Chickenpox is a viral infection that is highly contagious. It may also be referred to as varicella because it is caused by a virus known as herpes varicella-zoster. Chickenpox can be spread several ways including skin-to-skin contact, saliva, and airborne respiratory droplets from sneezing or coughing. You can also become infected after touching a contaminated surface like a doorknob.
Before a vaccine was created to prevent this uncomfortable infection, most people experienced chickenpox as a child. If you already had chickenpox, you have built up immunity from getting it again in life; nevertheless, the virus still remains in your body. Even though herpes varicella-zoster can stay dormant for decades, it might reactivate and cause shingles later in life.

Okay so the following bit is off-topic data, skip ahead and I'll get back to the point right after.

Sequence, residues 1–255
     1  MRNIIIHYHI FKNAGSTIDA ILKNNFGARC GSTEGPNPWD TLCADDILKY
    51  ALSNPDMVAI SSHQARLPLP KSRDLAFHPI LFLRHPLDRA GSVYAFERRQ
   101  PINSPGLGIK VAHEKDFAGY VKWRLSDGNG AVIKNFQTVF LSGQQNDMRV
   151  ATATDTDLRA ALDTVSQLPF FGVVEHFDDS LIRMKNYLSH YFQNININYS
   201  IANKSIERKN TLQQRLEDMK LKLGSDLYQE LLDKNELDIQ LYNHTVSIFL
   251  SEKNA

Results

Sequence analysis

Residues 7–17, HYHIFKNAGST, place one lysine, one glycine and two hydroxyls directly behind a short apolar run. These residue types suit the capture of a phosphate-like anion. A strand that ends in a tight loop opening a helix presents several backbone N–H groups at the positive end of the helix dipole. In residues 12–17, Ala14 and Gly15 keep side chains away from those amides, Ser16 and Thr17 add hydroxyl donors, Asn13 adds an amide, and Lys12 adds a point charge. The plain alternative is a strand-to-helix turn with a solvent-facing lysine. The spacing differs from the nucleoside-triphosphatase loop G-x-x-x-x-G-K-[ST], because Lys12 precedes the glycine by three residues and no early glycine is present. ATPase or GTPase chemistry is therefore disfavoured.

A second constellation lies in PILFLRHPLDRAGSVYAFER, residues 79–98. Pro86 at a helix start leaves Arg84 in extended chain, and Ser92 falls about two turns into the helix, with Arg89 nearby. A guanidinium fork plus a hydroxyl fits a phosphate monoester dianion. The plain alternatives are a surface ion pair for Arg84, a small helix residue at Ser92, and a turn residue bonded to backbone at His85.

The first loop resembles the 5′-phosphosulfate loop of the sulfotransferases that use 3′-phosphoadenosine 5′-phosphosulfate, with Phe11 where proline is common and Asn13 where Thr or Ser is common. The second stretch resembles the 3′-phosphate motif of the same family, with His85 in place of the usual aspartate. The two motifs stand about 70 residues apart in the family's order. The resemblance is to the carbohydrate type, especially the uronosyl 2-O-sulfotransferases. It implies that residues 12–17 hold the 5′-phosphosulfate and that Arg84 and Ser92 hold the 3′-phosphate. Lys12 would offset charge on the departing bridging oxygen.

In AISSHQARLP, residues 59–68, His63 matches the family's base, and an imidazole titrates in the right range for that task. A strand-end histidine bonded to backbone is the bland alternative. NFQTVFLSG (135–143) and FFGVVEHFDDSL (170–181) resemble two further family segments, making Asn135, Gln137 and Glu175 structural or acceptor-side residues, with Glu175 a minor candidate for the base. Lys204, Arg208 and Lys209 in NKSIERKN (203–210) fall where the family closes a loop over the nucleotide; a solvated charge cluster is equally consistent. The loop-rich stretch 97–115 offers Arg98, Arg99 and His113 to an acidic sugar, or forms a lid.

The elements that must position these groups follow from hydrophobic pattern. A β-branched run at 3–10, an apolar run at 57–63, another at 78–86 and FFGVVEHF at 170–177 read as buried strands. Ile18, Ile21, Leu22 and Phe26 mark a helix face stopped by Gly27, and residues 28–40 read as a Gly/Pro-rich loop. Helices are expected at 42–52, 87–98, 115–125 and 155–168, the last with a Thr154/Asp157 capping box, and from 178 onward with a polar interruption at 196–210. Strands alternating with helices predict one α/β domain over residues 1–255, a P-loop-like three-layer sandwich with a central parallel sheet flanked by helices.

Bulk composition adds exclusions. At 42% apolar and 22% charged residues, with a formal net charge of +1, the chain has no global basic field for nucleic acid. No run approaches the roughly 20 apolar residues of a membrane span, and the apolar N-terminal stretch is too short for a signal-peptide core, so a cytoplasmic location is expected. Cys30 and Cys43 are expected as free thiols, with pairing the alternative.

The obvious rash from chickenpox can appear anywhere from one to three weeks after exposure. However, the symptoms last only five to ten days. Sometimes complications can make chickenpox more serious, but it is generally a mild condition that has obvious symptoms and easy treatments.
Although this is not the most noticeable symptom of chickenpox, it is one of the first. A fever is a common sign of sickness. It is your body’s way of trying to fight off an infection. The body’s internal temperature should be 98.6 degrees Fahrenheit (37 degrees Celsius), so anything above that is considered above normal. However, a fever really is not considered serious until it reaches 100.4 degrees Fahrenheit (38 degrees Celsius). You can expect the rash to appear about one to two days after the fever strikes.
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